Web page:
In Ground Four, Petitioner alleges that the Pima County Superior Court judge lacked “jurisdiction” to preside over his case because “he had not taken a timely oath of office” in violation of Article 6, Section 3 of the United States Constitution and A.R.S. §§ 38-231, 38-232, 38-361, and 38-291(a). (Id. at 9.) Petitioner states that “[t]he Judge in [Petitioner's criminal case] did usurp into the office he occupied unlawfully.” (Id.) Exhibit Six is a list of the filing dates of oaths of office for some Pima County Superior Court judges. (Id. at 24.) The Honorable Christopher Browning presided over Petitioner's trial (see Doc. 15-1 at 20), and according to Exhibit 6, his oath of office was filed on September 22, 1998. (Doc. 1 at 24.)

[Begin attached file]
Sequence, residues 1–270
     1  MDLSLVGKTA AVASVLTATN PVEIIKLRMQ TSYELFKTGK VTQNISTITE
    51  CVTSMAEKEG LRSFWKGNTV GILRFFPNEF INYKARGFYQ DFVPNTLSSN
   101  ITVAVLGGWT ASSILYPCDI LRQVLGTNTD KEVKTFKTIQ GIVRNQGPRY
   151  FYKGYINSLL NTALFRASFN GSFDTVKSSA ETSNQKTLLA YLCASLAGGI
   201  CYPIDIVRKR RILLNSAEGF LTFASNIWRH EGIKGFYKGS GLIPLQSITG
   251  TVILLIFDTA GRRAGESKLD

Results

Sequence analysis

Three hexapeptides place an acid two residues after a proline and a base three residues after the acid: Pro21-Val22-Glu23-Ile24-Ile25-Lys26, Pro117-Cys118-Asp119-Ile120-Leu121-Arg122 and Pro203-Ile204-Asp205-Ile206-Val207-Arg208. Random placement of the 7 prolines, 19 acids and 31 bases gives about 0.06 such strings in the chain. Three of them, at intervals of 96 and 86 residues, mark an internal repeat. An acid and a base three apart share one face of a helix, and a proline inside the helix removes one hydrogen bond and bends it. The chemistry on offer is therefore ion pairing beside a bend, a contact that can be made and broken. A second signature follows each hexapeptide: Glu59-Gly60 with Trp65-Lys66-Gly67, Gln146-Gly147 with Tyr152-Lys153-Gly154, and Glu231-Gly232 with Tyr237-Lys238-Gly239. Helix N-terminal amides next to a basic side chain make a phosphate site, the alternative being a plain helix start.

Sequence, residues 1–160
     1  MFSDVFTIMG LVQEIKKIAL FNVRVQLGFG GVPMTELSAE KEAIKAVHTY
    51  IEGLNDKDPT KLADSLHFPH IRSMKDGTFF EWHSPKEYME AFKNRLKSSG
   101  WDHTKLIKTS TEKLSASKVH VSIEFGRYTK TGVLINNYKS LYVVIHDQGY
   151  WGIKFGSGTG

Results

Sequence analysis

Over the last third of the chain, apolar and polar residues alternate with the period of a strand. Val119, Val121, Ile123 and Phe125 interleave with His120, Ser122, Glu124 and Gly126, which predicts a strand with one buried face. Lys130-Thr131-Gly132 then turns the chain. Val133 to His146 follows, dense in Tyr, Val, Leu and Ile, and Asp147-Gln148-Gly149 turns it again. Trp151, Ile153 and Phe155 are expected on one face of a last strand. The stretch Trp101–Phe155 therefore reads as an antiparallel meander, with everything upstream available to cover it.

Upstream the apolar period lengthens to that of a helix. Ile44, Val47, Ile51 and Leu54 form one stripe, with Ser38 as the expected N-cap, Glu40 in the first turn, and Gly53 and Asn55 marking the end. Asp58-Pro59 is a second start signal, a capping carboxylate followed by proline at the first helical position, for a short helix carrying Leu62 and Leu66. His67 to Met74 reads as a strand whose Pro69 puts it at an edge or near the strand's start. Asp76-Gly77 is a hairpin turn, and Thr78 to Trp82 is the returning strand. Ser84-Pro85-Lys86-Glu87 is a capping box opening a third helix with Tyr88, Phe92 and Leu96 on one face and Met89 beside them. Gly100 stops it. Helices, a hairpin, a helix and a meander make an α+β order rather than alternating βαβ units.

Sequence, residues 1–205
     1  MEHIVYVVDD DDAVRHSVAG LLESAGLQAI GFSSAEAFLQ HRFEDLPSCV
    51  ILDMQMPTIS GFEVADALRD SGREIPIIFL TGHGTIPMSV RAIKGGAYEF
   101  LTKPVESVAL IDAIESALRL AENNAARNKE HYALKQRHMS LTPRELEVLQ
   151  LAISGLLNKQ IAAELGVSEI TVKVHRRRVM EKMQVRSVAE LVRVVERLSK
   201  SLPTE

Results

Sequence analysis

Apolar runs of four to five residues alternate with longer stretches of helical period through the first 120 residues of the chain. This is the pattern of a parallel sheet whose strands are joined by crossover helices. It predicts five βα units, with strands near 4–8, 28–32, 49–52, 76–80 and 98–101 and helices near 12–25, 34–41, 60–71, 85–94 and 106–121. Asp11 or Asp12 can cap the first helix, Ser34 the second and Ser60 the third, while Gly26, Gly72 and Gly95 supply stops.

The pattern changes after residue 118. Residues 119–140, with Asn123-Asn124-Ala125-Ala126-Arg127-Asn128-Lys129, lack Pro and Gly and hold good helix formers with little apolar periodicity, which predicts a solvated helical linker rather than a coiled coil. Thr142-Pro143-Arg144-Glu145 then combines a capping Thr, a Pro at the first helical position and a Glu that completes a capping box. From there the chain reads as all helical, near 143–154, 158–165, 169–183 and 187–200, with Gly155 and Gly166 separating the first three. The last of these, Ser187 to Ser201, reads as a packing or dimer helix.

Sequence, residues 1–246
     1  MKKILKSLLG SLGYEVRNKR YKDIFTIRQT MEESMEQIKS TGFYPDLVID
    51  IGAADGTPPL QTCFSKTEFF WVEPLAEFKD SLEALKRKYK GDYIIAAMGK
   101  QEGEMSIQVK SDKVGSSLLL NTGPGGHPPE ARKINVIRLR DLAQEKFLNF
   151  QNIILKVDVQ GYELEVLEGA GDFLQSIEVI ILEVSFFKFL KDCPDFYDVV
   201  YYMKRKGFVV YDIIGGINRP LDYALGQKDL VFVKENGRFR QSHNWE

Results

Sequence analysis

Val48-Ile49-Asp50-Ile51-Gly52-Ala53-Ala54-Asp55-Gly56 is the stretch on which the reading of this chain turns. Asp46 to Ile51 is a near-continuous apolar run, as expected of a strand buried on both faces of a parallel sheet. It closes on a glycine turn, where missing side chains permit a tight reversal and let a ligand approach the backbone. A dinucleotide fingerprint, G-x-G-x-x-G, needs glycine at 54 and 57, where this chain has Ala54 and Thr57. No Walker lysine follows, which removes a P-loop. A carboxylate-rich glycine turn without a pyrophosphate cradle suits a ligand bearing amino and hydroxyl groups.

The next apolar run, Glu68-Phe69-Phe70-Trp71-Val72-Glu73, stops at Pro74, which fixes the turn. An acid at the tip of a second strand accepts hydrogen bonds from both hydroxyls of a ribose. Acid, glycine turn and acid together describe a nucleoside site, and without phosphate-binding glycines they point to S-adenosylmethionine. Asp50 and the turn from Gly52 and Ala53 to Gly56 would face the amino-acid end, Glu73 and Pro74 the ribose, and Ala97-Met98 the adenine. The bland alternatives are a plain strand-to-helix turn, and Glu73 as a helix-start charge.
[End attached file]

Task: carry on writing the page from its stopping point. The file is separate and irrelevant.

Respondents filed a Limited Answer to the petition addressing only affirmative defenses. (Doc. 15.) Respondents argue that all four grounds of the petition are “procedurally defaulted because [Petitioner] failed to properly exhaust them in the Arizona Court of Appeals.” (Id. at 4; see also id. at 8-11.) Respondents argue that a return to state court to attempt to exhaust the claims would be futile in light of state procedural rules, and that Petitioner has failed to show cause and prejudice or actual innocence to excuse his failure to ...